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Autumn Budget 2017: Plans for business rates reform brought forward by two years

The announcement has been received fairly well, although some commentators have suggested that the chancellor could have done more to ease the pressure on SMEs.
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Business rates will switch to being increased by the Consumer Price Index (CPI) from April 2018, the chancellor announced in today’s Budget.

Currently, business rates rise by the Retail Price Index (RPI) which is a different way of measuring inflation that tends to be higher. In addition, business rates revaluations will take place every three years rather than every five, beginning at the next revaluation, which is due in 2022.

Pubs in England currently receive a £1,000 business rates discount, which they will continue to receive next year. This discount applies to pubs with a rateable value of up to £100,000. A rateable value is the estimate of the open market rental value of the premises.

The announcement has been received fairly well, although some commentators have suggested that the chancellor could have done more to ease the pressure on SMEs.

Richard Godmon, tax partner at accountancy firm, Menzies LLP, said: “Bringing forward the switchover from RPI to CPI by two years is following a trend seen in other areas, such as pensions. This will help smaller businesses but the values are not significant.”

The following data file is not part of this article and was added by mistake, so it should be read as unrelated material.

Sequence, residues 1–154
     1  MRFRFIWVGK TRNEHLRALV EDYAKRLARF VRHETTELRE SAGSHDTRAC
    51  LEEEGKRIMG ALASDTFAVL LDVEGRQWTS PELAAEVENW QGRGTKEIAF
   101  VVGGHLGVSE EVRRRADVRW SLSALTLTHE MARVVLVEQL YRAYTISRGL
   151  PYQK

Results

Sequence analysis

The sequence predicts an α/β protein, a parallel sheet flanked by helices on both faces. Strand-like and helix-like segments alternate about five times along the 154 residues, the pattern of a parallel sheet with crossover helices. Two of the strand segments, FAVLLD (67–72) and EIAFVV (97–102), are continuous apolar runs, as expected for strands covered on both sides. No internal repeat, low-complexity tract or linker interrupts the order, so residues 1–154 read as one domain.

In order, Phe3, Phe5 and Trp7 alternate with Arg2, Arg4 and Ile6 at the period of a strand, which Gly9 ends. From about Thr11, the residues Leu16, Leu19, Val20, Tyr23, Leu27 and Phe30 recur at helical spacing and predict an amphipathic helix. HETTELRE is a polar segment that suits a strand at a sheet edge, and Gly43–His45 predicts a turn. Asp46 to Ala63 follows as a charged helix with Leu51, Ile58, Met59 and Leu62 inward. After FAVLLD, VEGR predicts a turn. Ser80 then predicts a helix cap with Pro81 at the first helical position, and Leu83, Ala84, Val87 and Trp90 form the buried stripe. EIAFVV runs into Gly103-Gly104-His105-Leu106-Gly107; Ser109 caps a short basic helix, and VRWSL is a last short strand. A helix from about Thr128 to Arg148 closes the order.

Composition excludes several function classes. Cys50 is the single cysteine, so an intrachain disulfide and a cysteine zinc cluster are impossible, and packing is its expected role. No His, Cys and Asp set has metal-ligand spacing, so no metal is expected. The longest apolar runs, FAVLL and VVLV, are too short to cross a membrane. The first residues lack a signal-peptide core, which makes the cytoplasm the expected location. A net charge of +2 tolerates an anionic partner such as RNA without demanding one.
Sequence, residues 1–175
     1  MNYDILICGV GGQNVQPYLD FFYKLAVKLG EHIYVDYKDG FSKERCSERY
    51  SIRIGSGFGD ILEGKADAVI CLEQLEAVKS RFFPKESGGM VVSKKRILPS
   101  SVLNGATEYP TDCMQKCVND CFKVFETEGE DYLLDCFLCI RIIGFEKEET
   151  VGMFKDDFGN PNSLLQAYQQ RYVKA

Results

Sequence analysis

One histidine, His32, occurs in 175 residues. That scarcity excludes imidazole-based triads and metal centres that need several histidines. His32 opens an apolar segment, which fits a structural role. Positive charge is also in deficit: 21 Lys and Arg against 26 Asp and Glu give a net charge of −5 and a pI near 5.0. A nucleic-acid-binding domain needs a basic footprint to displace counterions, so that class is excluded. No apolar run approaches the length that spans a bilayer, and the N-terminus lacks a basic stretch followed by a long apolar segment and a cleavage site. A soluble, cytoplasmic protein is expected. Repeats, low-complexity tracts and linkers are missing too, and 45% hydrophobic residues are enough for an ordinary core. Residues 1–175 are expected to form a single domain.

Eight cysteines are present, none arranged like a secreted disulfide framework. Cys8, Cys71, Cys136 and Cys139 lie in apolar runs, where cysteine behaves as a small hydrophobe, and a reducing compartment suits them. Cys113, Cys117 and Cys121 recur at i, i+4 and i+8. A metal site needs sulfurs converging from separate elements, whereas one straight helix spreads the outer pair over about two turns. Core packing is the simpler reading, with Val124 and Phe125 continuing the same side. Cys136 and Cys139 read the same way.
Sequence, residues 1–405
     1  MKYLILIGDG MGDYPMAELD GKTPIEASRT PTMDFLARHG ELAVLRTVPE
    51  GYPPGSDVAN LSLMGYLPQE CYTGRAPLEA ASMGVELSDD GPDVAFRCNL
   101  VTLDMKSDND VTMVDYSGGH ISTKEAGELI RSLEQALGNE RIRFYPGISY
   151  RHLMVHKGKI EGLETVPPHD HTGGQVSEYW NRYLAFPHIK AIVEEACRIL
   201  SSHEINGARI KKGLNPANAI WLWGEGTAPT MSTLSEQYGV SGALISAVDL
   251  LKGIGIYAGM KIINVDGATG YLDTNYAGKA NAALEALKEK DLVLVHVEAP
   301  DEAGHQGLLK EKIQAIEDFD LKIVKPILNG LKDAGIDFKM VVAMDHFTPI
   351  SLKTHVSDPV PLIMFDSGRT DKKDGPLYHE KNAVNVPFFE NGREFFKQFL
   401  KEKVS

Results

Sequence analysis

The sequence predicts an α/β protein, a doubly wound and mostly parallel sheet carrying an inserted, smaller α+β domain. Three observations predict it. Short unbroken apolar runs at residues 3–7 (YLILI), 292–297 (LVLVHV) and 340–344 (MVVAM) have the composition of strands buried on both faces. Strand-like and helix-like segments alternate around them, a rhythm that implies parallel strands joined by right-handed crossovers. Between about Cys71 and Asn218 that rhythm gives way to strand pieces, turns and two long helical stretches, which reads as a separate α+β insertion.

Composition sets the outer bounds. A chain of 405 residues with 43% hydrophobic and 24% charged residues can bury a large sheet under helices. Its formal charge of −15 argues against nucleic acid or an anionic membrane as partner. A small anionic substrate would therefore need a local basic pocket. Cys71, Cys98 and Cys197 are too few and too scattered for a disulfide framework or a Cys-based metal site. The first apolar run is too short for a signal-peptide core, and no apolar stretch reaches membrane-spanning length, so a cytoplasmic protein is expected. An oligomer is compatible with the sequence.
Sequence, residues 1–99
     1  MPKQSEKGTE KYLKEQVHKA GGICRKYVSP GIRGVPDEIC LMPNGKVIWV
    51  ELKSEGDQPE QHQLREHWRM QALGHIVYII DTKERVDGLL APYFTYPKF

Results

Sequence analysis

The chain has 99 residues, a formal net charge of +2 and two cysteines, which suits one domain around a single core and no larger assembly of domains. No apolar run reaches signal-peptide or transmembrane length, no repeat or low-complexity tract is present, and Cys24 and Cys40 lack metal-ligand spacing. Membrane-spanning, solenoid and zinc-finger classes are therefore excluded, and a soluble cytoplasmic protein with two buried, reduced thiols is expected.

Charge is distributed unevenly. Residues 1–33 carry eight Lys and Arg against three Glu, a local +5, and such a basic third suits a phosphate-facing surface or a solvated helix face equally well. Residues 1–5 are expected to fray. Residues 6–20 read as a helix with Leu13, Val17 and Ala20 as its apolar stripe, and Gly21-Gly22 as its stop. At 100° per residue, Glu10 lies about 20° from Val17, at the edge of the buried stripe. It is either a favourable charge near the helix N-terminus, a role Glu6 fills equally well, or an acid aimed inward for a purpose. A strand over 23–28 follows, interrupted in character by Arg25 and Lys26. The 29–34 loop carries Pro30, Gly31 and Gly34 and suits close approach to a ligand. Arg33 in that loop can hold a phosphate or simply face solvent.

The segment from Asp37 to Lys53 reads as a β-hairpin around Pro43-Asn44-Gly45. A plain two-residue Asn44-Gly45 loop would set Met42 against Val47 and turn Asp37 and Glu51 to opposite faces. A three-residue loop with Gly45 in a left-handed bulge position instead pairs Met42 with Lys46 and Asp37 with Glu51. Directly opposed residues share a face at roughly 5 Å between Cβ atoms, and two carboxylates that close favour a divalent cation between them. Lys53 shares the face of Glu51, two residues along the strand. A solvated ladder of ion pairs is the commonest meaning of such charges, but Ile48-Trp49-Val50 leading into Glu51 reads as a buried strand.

Mark Chimley, founder of DPHub, said: “It is welcome that the budget eased some of the pressure on businesses from rates, but small businesses will still have to follow a disproportionate level of red tape. I would have liked to have seen more tax relief for small businesses and
freelancers to reduce an already heavy burden. They are increasingly having to devote more time to tax, accounting and administration – or at least many of them say they do – yet there is a real lack of red-tape concessions in the budget.

“There is the added burden of the General Data Protection Regulation (GDPR) too. Six months until the legislation comes into effect, and many small businesses still don’t know what’s required – or even if they need to comply at all. If the government can relieve organisations from pressures around tax, I suspect that meeting the GDPR would seem far less daunting for most.”

Brian Palmer, tax policy expert, AAT (Association of Accounting Technicians) said: “We are pleased that the Chancellor announced the bringing forward of an indexation switch from RPI to CPI and the addressing of the ‘staircase tax’, helping to provide £2.3 billion of support to businesses to reduce the burden of the rates. However, we feel that more frequent re-evaluations of the rates would help SMEs budget more effectively for their future financial security.”

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About Author

Letitia Booty

Letitia Booty is a special projects journalist for Real Business. She has a BA in english literature from the University of East Anglia, and since graduating she has written for a variety of trade titles. Most recently, she was a reporter at SME magazine.

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